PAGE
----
Fred Wingert is one of those people who, when he volunteers, prefers to stay behind the scenes.
“There’s a ton of people who do just as much as I do or more,” said Wingert, 80, a retired Wichita veterinarian.
He volunteers wherever he’s needed. Most often it has been at the Lighthouse Community Church in Oaklawn — the area that was hit last year by a tornado — where he has recently been building shelves and helping collect and distribute food and clothing.
He volunteered day after day after the Greensburg tornado in 2007 helping take care of injured and lost pets. He has volunteered and worked with other veterinarians at Hopi and Zuni Indian reservations, and he goes to Moundridge and helps build state-of-the-art wheelchairs.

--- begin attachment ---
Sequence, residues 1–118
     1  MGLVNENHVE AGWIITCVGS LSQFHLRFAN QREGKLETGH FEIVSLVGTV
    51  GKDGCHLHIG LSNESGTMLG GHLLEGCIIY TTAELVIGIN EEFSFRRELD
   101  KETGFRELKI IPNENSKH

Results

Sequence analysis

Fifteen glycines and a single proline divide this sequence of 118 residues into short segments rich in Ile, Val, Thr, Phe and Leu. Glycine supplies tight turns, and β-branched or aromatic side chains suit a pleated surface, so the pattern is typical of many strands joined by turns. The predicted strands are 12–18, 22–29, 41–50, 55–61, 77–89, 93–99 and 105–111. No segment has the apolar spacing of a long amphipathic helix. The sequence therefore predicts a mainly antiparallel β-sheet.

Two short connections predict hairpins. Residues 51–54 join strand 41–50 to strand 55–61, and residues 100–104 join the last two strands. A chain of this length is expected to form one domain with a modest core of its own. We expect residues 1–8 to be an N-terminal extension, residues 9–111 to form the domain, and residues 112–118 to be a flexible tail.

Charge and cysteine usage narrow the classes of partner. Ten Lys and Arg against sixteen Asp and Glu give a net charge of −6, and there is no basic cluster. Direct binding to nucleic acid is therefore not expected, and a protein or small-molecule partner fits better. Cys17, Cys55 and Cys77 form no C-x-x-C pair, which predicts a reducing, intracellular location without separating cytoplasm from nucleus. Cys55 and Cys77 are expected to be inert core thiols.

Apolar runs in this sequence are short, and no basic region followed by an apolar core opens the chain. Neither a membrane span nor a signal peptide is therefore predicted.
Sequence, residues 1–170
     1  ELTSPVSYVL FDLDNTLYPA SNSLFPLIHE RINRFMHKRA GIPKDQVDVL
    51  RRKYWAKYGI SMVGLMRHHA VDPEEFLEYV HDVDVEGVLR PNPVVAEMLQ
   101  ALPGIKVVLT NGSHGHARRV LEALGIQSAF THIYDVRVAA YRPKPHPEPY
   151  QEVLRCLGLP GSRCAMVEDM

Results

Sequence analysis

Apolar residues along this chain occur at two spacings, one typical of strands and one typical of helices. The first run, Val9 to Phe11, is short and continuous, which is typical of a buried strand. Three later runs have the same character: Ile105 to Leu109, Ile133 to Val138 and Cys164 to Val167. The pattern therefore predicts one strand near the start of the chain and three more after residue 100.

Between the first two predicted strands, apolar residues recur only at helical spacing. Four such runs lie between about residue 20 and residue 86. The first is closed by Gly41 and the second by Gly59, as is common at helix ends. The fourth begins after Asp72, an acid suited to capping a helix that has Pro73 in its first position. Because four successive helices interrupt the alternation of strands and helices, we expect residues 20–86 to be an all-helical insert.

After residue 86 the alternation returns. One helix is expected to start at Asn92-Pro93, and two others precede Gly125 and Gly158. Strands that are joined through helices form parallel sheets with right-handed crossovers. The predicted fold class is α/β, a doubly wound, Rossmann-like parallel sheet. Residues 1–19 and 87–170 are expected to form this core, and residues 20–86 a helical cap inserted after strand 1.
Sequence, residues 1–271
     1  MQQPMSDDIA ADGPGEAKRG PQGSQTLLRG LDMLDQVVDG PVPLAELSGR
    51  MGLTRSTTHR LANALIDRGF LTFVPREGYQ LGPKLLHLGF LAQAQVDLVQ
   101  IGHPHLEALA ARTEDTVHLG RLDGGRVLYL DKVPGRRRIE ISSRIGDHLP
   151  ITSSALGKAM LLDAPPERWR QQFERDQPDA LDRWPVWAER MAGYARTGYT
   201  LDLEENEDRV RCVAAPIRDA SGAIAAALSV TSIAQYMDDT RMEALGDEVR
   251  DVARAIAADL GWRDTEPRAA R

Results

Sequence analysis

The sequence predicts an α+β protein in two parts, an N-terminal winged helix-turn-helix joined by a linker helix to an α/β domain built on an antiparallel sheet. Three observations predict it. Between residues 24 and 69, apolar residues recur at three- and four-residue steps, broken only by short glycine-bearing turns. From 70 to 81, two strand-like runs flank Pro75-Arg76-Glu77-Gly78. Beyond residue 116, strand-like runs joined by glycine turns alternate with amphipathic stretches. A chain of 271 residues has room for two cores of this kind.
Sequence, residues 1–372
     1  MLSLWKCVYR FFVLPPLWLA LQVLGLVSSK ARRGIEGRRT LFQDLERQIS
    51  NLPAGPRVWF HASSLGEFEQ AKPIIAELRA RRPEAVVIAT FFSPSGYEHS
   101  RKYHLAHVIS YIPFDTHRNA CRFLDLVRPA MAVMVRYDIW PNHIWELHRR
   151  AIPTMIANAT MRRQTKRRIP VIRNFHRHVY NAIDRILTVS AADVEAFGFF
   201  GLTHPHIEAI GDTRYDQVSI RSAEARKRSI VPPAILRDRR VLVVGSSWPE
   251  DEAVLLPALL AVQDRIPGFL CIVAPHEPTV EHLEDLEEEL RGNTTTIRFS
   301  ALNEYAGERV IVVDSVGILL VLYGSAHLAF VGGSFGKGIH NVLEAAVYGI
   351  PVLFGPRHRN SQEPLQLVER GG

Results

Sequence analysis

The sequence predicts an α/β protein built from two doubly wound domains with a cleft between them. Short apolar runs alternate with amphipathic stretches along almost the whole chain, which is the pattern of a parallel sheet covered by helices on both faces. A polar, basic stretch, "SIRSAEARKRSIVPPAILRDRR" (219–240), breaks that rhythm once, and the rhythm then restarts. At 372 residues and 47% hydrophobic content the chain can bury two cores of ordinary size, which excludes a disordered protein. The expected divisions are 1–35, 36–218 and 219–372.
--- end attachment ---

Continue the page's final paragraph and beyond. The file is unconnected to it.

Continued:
Never miss a local story.
“I’ve been volunteering basically all my life,” said Wingert, who attends First Mennonite Brethren Church in west Wichita. “It’s because we are supposed to. If you go to any church at all, it says help the needy, the homeless, help anybody. That is what we are challenged to do.
“It’s rewarding … you meet a lot of great and neat people.”